Putting Opatija back on the musical map…
Oliver Condy reports from the Kvarner Festival in the stunning Croatian coastal town of Opatija
Opatija may be an unfamiliar name to most today, but from the middle of the 19th century until the First World War, this beautiful coastal town, tucked away in the north of Croatia on a stretch of coast known as the Kvarner bay, was regarded as one of Europe's finest and most luxurious holiday destinations. From the moment of its 'discovery' by the wealthy merchant Iginijo Scarpa in the mid 1840s (the grand Villa Angiolina, named after his wife, dates from 1844), Opatija became the place for wealthy Austro-Hungarian businessmen and nobility to relax, each attempting to out-do each other with increasingly grand villas.
Towards the end of the 19th century, the 14-kilometre long 'longomare' or promenade stretching from Volosko in the east to the village of Lovran was built, along with various bathing areas, creating a resort that rivalled anything to be found on the French riviera. With rail links from Vienna and Budapest built soon after, Opatija was marketed as the place to relax and, as was the fashion, to convalesce (recent research has even found that bacteria grow at a slower rate here than anywhere along the Croatian coastline...).
Where nobility flock, however, artists, musicians and writers surely follow. And Opatija became a cultural centre where many great composers came to find inspiration. In 1905, Gustav Mahler spent the Easter holidays here writing his 'Tragic' Symphony No. 6, and Puccini and Léhar are known to have spent time enjoying the climate and no doubt playing an active part in the town's flourishing music scene. Many Jewish composers also made their way from Austria and Hungary to Opatija, including the Hungarian operetta composer Emmerich Kálmán. What did these composers get up to? We'll perhaps never know – two world wars and decades of neglect have since put paid to the town's historic archives.
A stroll into any of Opatija's Viennese-style hotels reveals huge, ornate ballrooms and concert halls in which music would be heard perhaps every evening. Certainly in Opatija's enormous Kvarner Hotel, concerts took place twice a day before 1918 in the extraordinary Crystal Hall, built in 1909 when the hotel's café burnt down. You can still see crumbling statues of angels playing flutes and violins above the entrance to the hall, evidence of the importance of music during Opatija's golden age. Even a major concert hall was half-built, the amphitheatre in the Angiolina Garden – minus its planned roof – now used for outdoor concerts, cinema screenings and more.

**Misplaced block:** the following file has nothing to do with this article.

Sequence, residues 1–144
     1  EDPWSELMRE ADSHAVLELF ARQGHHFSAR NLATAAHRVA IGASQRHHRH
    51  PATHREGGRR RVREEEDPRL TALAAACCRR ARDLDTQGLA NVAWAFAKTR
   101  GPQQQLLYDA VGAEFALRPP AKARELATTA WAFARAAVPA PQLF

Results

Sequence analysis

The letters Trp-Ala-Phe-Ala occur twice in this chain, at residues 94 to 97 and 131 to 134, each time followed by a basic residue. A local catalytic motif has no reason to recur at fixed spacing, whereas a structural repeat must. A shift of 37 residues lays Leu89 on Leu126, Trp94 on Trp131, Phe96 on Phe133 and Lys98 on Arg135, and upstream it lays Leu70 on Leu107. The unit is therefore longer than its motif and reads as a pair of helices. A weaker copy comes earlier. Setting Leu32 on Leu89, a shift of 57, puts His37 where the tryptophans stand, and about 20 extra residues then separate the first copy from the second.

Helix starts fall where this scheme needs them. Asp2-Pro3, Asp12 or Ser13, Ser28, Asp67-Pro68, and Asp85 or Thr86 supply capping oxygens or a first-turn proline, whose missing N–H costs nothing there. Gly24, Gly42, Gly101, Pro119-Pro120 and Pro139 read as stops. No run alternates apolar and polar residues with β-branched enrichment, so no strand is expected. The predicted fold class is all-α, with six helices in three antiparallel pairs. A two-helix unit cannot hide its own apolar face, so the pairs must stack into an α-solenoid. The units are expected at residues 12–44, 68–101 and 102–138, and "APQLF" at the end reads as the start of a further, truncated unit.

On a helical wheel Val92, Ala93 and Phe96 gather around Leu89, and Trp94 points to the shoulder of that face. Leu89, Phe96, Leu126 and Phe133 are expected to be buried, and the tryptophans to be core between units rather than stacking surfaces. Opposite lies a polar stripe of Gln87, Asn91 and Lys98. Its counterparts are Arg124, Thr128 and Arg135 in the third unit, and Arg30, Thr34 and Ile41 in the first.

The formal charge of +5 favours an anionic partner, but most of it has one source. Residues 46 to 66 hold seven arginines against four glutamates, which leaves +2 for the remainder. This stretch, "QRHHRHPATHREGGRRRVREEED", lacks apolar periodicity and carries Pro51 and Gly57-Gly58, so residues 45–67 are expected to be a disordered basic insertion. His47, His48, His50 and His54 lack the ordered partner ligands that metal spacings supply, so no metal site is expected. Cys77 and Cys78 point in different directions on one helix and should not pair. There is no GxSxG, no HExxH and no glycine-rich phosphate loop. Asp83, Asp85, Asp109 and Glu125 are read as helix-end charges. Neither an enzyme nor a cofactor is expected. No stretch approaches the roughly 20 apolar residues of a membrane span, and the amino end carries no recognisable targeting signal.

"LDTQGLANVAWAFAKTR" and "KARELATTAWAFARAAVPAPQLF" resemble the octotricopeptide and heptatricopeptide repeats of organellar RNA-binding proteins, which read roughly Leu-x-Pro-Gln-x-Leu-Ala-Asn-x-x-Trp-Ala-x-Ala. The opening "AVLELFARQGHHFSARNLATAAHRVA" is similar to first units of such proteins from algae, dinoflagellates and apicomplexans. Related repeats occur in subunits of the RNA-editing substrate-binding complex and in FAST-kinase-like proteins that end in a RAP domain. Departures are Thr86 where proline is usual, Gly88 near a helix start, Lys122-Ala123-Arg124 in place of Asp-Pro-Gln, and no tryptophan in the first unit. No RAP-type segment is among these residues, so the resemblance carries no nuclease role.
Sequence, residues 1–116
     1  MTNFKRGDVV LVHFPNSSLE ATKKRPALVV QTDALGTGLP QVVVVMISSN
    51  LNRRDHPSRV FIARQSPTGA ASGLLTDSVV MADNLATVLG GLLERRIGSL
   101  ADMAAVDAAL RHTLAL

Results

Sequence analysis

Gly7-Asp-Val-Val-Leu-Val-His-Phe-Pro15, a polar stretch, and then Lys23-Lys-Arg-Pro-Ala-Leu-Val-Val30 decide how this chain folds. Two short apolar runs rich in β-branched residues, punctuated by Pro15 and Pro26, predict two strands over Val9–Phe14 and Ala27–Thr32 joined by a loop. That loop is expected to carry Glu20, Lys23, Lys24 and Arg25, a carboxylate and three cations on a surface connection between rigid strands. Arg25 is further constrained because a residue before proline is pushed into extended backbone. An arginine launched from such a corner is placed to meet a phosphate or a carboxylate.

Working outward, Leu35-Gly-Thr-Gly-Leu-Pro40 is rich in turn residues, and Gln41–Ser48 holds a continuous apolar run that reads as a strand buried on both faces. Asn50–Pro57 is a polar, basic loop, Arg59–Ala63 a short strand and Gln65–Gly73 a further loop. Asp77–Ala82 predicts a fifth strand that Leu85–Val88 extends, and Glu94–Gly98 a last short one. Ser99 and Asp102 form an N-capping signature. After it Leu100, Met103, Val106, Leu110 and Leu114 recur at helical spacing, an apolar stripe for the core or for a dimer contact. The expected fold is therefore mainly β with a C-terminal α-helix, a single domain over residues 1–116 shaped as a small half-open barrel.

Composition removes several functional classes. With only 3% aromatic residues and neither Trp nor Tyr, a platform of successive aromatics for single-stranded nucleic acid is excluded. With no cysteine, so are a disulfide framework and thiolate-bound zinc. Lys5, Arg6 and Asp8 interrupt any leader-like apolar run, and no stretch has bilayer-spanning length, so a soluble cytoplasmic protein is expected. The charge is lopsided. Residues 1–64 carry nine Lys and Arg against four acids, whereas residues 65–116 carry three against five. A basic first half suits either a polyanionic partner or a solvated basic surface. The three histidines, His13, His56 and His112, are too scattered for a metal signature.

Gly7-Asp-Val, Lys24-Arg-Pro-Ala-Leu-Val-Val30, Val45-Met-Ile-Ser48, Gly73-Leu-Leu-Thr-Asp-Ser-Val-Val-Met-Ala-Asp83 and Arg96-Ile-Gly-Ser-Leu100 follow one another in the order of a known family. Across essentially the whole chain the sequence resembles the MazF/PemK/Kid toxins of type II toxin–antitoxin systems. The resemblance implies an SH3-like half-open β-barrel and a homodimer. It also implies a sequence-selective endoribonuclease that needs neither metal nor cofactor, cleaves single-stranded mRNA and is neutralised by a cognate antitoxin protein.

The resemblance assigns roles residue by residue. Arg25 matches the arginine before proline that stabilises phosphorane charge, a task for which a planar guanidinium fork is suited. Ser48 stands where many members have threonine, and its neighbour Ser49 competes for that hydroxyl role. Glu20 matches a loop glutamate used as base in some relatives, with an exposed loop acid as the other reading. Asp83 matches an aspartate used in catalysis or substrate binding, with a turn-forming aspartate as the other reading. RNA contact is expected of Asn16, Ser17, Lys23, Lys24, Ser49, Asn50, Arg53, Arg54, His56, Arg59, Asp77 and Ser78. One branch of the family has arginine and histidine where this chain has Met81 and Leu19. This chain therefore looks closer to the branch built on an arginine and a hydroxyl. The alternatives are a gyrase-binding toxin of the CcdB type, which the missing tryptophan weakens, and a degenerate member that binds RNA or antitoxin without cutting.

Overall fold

The Kvarner Festival is determined, however, to put Opatija back on the musical map. Founded just three years ago by the Austrian conductor Michael Fendre, the festival showcases a wide range of music – mostly classical, but with a smattering of jazz and folk – performed by world-class artists including the terrific Accordone who delighted their audience with a spell-binding concert of traditional Italian music last night. Nigel Kennedy is due to play tonight, and tomorrow, the Purpur Orchestra, featuring members of the Berlin and Vienna Philharmonics, will give a concert of Vaughan Williams, Mozart, Haydn and the early 19th-century Croatian composer Luka Sorkočević.
At present, the festival's only venue is the Kvarner Hotel's mighty Crystal Hall but, as Fendre tells me this morning, his plans are long term, including a drive to tie the programme into Opatija's considerable musical heritage. Music by Mahler, Puccini and a series of concerts by former visiting Jewish composers is planned. There are dozens of potential venues, including hotel ballrooms and the town's early 20th-century church – the challenge is to convince visitors from the UK, France and Germany to make the trip. As I gaze out of my hotel window over the glistening, sun-lit surface of the Mediterranean, the ancient harbours, colourful and dramatic villas and hotels, and the giant Magnolias and bay trees that dominate Opatija's shoreline, I get the feeling that it shouldn't be too hard a task...